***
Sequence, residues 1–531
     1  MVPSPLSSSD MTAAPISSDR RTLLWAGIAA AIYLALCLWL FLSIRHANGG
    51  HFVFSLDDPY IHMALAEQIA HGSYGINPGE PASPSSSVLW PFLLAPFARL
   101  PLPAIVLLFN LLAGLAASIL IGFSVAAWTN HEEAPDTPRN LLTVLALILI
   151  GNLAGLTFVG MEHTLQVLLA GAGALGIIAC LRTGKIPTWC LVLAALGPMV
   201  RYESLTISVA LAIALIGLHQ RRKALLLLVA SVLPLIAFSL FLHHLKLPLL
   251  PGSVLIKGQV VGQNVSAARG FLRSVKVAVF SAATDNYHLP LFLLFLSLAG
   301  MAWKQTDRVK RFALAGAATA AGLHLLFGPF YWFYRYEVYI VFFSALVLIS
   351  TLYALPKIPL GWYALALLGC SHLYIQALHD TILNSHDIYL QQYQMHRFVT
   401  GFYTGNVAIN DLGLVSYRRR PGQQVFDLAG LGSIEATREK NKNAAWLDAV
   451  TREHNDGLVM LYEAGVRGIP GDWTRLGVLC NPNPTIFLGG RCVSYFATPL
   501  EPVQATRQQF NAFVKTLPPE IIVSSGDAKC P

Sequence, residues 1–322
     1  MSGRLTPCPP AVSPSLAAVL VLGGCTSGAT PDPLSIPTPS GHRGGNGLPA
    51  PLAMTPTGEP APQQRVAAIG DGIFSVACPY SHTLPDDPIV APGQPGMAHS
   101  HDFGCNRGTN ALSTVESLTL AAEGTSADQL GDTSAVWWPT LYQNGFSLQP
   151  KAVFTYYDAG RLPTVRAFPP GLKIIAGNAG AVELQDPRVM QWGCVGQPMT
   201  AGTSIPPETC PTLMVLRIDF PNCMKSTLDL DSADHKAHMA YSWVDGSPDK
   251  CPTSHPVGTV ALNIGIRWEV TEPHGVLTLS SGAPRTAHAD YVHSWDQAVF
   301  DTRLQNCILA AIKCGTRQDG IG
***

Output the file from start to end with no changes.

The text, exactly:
Sequence, residues 1–531
     1  MVPSPLSSSD MTAAPISSDR RTLLWAGIAA AIYLALCLWL FLSIRHANGG
    51  HFVFSLDDPY IHMALAEQIA HGSYGINPGE PASPSSSVLW PFLLAPFARL
   101  PLPAIVLLFN LLAGLAASIL IGFSVAAWTN HEEAPDTPRN LLTVLALILI
   151  GNLAGLTFVG MEHTLQVLLA GAGALGIIAC LRTGKIPTWC LVLAALGPMV
   201  RYESLTISVA LAIALIGLHQ RRKALLLLVA SVLPLIAFSL FLHHLKLPLL
   251  PGSVLIKGQV VGQNVSAARG FLRSVKVAVF SAATDNYHLP LFLLFLSLAG
   301  MAWKQTDRVK RFALAGAATA AGLHLLFGPF YWFYRYEVYI VFFSALVLIS
   351  TLYALPKIPL GWYALALLGC SHLYIQALHD TILNSHDIYL QQYQMHRFVT
   401  GFYTGNVAIN DLGLVSYRRR PGQQVFDLAG LGSIEATREK NKNAAWLDAV
   451  TREHNDGLVM LYEAGVRGIP GDWTRLGVLC NPNPTIFLGG RCVSYFATPL
   501  EPVQATRQQF NAFVKTLPPE IIVSSGDAKC P

Sequence, residues 1–322
     1  MSGRLTPCPP AVSPSLAAVL VLGGCTSGAT PDPLSIPTPS GHRGGNGLPA
    51  PLAMTPTGEP APQQRVAAIG DGIFSVACPY SHTLPDDPIV APGQPGMAHS
   101  HDFGCNRGTN ALSTVESLTL AAEGTSADQL GDTSAVWWPT LYQNGFSLQP
   151  KAVFTYYDAG RLPTVRAFPP GLKIIAGNAG AVELQDPRVM QWGCVGQPMT
   201  AGTSIPPETC PTLMVLRIDF PNCMKSTLDL DSADHKAHMA YSWVDGSPDK
   251  CPTSHPVGTV ALNIGIRWEV TEPHGVLTLS SGAPRTAHAD YVHSWDQAVF
   301  DTRLQNCILA AIKCGTRQDG IG